A jury decided Wednesday that the City of Rolla is not to blame for the fatal accident that took the life of Birdie M. Lenox in November 2005.


A jury decided Wednesday that the City of Rolla is not to blame for the fatal accident that took the life of Birdie M. Lenox in November 2005.

"It's a terrible accident, but she just wasn't paying attention," the city’s attorney Edward Crites said during his closing arguments Wednesday morning.

The accident happened at the intersection of Lions Club Drive and State Route O shortly after the newest portion of Lions Club Drive was opened to the public when Lenox, 79, of Rolla, ventured into Route O without slowing down and struck a Coca-Cola Bottling Co. delivery truck.

Lenox's family asserted that a stop sign had not yet been posted at the new intersection, giving her no warning to yield to oncoming cars.

They asked for nearly $300,000 in damages for medical bills and funeral expenses and additional damages for suffering endured by Lenox in the 30 days between the accident and her death.

The jury's decision means the city will not have to pay any damages.

Once the jury entered into deliberation, the group immediately asked for every piece of evidence they were entitled to view. This included more than 70 statements, photos, items of correspondence and accident diagrams attorneys brought to the court.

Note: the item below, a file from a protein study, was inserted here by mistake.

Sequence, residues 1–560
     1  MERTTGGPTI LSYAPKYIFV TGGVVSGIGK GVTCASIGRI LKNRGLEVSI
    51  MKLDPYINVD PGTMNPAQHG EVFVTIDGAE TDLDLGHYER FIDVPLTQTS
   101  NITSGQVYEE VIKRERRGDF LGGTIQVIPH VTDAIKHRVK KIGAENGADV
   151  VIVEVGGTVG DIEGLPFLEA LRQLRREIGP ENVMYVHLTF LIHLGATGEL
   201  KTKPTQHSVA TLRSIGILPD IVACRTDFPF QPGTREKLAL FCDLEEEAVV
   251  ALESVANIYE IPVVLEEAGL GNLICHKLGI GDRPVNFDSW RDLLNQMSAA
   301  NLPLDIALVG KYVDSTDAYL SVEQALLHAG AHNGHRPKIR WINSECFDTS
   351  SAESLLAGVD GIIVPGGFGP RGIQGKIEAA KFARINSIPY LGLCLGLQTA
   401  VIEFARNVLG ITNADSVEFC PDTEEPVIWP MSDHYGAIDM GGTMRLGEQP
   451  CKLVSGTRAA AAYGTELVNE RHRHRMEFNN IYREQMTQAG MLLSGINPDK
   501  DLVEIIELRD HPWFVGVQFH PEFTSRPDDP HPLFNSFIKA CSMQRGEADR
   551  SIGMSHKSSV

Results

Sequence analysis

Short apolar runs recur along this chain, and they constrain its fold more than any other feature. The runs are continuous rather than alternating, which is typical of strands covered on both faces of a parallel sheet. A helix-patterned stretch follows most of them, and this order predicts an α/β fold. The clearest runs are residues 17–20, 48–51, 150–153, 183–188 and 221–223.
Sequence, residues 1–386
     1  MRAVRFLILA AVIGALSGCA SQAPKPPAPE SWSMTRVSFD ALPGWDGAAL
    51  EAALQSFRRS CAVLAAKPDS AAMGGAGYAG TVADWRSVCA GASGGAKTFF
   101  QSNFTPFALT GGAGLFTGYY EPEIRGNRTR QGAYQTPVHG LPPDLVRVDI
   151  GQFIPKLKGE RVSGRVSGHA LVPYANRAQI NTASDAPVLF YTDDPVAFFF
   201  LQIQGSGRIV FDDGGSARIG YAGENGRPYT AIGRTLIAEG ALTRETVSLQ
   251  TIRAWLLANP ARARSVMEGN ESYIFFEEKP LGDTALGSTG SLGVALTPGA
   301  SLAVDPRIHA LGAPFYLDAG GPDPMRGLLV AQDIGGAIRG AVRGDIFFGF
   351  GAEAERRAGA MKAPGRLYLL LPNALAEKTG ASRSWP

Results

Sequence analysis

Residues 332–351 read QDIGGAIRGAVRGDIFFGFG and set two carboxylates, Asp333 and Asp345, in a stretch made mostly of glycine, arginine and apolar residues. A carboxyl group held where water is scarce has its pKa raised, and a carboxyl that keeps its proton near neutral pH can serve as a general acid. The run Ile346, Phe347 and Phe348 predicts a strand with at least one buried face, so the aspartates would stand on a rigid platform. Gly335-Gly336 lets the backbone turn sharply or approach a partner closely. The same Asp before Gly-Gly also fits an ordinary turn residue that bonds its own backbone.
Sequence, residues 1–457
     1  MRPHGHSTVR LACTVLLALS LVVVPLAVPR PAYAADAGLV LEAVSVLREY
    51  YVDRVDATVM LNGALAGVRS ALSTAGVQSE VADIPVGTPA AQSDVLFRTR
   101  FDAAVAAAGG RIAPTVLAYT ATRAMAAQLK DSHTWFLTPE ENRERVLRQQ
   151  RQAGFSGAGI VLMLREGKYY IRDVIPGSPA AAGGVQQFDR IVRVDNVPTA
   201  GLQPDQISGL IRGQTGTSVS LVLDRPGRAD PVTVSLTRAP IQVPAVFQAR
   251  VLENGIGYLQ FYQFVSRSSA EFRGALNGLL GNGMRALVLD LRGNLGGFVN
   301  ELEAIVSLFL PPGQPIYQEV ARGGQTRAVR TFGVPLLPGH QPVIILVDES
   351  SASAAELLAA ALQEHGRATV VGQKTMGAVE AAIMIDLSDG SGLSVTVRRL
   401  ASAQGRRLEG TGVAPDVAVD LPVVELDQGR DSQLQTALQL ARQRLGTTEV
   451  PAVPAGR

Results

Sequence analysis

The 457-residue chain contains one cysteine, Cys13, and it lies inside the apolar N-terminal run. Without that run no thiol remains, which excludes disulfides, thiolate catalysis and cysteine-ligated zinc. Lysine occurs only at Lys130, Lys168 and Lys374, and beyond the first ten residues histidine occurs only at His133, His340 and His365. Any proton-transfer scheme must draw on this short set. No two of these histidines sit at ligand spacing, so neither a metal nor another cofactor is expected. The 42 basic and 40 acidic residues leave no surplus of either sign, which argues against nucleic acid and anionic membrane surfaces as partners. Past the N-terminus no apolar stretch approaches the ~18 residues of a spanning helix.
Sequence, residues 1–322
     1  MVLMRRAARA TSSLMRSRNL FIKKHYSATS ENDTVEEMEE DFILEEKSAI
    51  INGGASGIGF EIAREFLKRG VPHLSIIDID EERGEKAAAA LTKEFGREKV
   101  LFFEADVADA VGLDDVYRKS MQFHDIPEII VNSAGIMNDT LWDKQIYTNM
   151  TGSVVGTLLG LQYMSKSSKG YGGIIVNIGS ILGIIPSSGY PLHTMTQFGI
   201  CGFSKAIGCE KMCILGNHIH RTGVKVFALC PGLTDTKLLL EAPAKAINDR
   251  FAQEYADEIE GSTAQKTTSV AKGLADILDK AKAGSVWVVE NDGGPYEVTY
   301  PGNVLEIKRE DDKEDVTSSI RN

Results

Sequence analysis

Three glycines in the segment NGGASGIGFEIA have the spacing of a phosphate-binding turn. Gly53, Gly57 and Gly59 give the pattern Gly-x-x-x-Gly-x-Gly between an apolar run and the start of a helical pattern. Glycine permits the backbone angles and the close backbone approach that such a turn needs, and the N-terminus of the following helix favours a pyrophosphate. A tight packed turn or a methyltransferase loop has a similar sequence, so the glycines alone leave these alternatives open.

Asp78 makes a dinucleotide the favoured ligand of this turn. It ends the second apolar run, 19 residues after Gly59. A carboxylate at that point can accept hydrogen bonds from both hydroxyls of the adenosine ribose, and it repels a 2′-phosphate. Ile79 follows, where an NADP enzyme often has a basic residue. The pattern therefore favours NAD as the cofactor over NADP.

They spent approximately two hours reaching their decision.

The jurors were serving their third day of jury duty, having gone through the jury selection process Monday and then hearing testimony all day Tuesday.

Testimony included people who said they drove through the intersection prior to the accident and did not see the stop sign.

Testimony continued Wednesday morning with the police officer who worked the accident, C. Butler, now with the Phelps County Sheriff's Department, and the man who served that officer a subpoena for the trial.   

Those testimonies made for some dramatic closing arguments, as the civil process server Richard Skyles told jurors Butler said he did not remember a stop sign at both sides of the intersection when Skyles delivered the paperwork.
Butler's report, however, clearly marks stop signs in both eastbound and westbound lanes.

The Lenox family's attorney, William M. Wunderlich, fell just shy of calling Butler a liar during closing arguments painting him as a young officer who made assumptions in order to get the report done.

Apparently, none of the jurors bought Wunderlich's version of the truth, as all 12 signed the verdict form indicating that the accident was 100 percent Lenox's fault.

The Ozark Coca-Cola Bottling Company had also been named in the lawsuit but chose to settle out of court before the trial began.